Today when Anna (not her real name) came into class, she was not her usual happy, interested self. As her friends talked about what High Schools they had been accepted to, Anna looked unusually miserable. When I called her out in to the doorway to talk to her, I found out why: Anna had been "denied" acceptance to all the high schools she had applied to. (See note) Anna felt lost, unhappy, and was truly down on herself. I did the best I could to comfort her in the moment, my heart was breaking a little and I got angrier as the day wore on. WHY should this great kid feel like a failure at 13?
Some things you should know about Anna--every teacher in my K-8 school that has ever taught Anna misses her, loved having her in class, and asks about her. People will just say to the 8th grade teachers, "How is Anna?", "Oh, I do miss Anna in my room.", "I just loved Anna". Anna is one of those kids who has a sunny personality, is a great problem-solver, is creative and hardworking, interested in learning, a deep thinker, and gets along well with pretty much every body. Yes, Anna is THAT student: the one everybody likes, the one both fellow students and teachers look forward to working with--she is not a teacher's pet....she is just an all round good kid. SHE is the one who will be able to lead a group to get a project done. So, you might be thinking, what DOESN'T Anna have? Well she does not have "advanced" high-stakes test scores, Anna is merely "proficient". And, at many of Philadelphia's selection high schools, proficient is not good enough.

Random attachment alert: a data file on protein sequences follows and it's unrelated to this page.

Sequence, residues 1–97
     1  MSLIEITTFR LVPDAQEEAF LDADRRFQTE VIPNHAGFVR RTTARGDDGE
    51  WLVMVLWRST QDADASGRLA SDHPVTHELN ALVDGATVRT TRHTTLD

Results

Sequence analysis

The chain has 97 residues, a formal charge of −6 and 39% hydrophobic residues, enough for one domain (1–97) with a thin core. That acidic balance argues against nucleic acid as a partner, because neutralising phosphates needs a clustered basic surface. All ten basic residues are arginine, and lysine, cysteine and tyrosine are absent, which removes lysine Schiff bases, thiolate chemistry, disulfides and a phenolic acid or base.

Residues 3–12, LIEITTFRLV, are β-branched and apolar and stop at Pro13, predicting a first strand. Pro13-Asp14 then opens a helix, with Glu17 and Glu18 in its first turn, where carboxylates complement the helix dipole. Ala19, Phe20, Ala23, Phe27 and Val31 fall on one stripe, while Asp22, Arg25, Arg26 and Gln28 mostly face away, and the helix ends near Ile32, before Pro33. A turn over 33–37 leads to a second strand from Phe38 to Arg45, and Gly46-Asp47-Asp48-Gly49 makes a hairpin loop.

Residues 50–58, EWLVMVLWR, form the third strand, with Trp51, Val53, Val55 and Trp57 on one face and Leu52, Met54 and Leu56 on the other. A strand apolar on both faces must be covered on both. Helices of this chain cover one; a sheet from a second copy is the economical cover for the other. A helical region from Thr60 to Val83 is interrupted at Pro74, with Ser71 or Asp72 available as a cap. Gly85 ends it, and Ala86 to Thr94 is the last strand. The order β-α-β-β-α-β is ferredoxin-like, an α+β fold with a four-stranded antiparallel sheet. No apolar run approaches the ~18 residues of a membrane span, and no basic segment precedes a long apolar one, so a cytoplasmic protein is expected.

The interesting thing is, that if I had to choose a kid to run a team or be in charge of a project, there are plenty of my "advanced" students I would not give that responsibility to. I would give it to Anna in a minute. But, high-stakes norm-referenced or standardized tests do not really test the "real-world" skills that education reformers are always blathering on about. High-stakes tests simply measure the ability to take tests--a skill that has a very short half-life in the real world.
High-stakes tests make kids feel like failures--that is wrong.
Anna deserves more. ALL our students deserve more.
Note: In Philadelphia, students apply to various selection high schools--if they are not accepted, they have a place at their neighborhood high school which are purposely under-resourced by the SDP.
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